3.1 According to the Union the complainant commenced employment with the respondent in October, 1984 as a cleaner and she is currently paid on the basis of an hourly rate
of EUR8.04. The named male comparator is Mr. Mulchrone who, according to the Union, is also employed as a cleaner with the respondent company and he is paid EUR10.04 per hour.
3.2 The Union says that when the complainant became aware that the comparator was on a higher rate of pay, despite the fact that they were employed as cleaners, she made a number of approaches to management but to no avail. The complainant then brought the matter to the attention of her Union. The Union wrote to the respondent on 11th October, 2001 requesting a meeting to discuss this issue. The Union notes that the respondent denied this requested meeting by letter dated 17th October, 2001. The Union says that it notes that the respondent, in its letter, stated that the complainant’s rate of pay had been discussed with her at length and that it was satisfied that she is on the correct rate of pay. As the complainant and her Union were unable to resolve the issue at local level the Union says that the complainant had no other option but to initiate a claim under the Employment Equality Act, 1998. The Union sought further information from the respondent using Form ODEI 3 but no response was received from the respondent and this failure to supply additional information further frustrated the settlement of this claim according to the Union.
3.3 The Union submits that the complainant and the named male comparator are doing like work as defined by the Employment Equality Act, 1998. Both the complainant and the named male comparator are engaged in ‘hygiene’ or more commonly referred to, as cleaners. The Union notes that at the preliminary hearing the respondent did not dispute the fact that a difference in pay exists and that the comparator is on a higher rate. In terms of the European Communities (Burden of Proof in Gender Discrimination Cases) Regulations 2001 the Union argues that it has established the primary facts of discrimination and that it is up to the respondent to prove that discrimination does not exist in relation to the complainant’s sex.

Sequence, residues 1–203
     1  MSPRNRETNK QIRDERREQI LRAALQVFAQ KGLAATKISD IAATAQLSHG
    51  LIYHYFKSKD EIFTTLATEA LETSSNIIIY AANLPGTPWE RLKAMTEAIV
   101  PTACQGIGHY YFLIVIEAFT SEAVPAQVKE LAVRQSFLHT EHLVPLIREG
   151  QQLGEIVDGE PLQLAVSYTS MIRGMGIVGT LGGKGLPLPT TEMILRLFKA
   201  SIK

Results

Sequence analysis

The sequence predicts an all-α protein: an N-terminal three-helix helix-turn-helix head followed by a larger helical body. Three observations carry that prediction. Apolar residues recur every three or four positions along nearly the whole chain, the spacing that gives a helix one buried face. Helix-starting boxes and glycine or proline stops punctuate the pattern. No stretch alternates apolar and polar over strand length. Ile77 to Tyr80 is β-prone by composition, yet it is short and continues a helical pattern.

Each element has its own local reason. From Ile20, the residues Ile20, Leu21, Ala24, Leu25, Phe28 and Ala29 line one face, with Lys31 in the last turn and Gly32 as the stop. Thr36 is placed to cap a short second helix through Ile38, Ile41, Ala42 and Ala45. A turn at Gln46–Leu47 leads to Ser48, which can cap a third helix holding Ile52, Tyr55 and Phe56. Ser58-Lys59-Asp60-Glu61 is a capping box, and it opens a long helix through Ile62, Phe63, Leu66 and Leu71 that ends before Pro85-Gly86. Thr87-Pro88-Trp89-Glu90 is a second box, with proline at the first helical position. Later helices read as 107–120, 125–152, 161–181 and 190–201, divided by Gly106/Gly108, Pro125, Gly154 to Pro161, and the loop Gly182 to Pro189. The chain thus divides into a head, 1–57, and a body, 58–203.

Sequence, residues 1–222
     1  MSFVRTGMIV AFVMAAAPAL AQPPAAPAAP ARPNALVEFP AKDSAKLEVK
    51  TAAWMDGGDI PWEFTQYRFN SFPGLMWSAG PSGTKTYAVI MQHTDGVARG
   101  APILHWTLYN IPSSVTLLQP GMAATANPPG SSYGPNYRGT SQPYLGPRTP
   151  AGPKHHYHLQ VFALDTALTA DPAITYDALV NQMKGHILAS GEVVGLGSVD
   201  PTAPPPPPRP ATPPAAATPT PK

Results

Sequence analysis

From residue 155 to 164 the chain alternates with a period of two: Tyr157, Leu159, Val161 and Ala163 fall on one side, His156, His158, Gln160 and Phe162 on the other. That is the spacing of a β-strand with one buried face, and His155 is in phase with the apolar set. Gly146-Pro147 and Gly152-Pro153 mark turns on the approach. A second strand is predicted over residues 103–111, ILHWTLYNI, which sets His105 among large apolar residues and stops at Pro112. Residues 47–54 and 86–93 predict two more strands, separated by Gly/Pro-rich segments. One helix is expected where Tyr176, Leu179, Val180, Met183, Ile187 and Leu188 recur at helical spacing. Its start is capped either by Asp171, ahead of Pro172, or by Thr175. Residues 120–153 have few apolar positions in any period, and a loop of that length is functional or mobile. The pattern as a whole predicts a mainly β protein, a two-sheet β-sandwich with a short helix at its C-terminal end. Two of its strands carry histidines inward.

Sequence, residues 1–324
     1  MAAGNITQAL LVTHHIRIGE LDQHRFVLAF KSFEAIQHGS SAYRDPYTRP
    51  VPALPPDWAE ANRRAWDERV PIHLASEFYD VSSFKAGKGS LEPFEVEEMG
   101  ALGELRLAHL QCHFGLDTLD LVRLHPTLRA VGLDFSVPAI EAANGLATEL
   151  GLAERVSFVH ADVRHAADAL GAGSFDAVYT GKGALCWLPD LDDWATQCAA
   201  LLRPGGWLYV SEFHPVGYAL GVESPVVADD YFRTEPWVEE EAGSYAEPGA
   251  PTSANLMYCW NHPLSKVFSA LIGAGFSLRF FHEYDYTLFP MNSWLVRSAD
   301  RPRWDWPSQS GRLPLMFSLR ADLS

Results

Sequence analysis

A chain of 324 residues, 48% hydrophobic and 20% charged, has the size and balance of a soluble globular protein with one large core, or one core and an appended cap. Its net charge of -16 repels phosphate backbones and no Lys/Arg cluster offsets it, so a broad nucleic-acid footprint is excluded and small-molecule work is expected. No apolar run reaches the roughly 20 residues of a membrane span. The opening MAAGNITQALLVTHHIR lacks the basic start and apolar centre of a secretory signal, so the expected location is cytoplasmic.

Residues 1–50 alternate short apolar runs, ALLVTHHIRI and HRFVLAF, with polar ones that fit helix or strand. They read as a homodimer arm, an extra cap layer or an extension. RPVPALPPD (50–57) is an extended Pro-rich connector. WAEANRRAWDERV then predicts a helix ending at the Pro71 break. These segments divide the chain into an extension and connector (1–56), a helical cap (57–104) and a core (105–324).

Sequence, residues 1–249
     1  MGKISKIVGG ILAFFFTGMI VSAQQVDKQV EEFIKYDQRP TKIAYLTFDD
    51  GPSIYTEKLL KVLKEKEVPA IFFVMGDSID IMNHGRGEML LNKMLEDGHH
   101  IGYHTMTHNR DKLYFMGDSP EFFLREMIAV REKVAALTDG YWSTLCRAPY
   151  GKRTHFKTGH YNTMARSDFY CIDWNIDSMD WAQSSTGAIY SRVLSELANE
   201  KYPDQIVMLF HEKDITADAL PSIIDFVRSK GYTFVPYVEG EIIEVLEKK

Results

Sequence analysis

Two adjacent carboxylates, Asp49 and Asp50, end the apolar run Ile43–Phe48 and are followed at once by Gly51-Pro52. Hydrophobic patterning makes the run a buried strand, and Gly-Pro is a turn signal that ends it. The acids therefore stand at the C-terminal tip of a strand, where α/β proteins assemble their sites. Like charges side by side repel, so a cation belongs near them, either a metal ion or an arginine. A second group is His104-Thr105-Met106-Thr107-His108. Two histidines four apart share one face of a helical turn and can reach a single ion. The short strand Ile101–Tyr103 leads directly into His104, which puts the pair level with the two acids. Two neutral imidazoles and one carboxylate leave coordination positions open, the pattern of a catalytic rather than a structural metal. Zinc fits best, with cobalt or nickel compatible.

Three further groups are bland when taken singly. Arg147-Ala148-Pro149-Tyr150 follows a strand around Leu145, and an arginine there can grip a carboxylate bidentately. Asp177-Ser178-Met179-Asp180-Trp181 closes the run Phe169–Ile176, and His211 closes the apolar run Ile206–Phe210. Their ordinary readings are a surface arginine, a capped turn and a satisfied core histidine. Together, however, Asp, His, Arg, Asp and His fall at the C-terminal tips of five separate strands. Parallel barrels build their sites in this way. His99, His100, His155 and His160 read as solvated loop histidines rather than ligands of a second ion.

4.1 According to the respondent the complainant is an employee of the respondent organisation and she is claiming equal pay on the basis of performing like work with a named male comparator. The respondent accepts that the complainant is on a lower rate of pay than the named male comparator but states that the difference in pay is based on grounds other than any of the discriminatory grounds and the named male comparator is not an appropriate comparator as he does not do “like work” in terms of Sections 7(1)(a), (b) and (c) of the Employment Equality Act, 1998.
4.2 According to the respondent the complainant commenced employment with the respondent organisation on 4th August, 1984. She is employed as a cleaner at the respondent’s store and her rate of salary is EUR8.04 per hour. The complainant currently works 25 hours per week. The named male comparator commenced employment with the respondent on 29th November, 1982. His current rate of pay is EUR10.04 per hour and he works 37 hours per week.
4.3 The respondent’s store in Castlebar sells groceries, textiles and has a restaurant attached to it. In addition to the public areas there are offices and store rooms associated with the business. Excluding management there are 166 staff employed at the store of whom 15 are employed as Catering/cleaning staff, 1 is employed as a security staff member and 150 are employed as Sales Assistants.
4.4 The respondent notes that the complainant has submitted a claim for equal pay on the basis that she is performing “like work” with the named male comparator. The respondent denies that the complainant performs “like work” with the named male comparator and, therefore, contends that she does not have any entitlement to the same rate of remuneration as that paid by the respondent to the named male comparator. The respondent says that to comply with the provisions...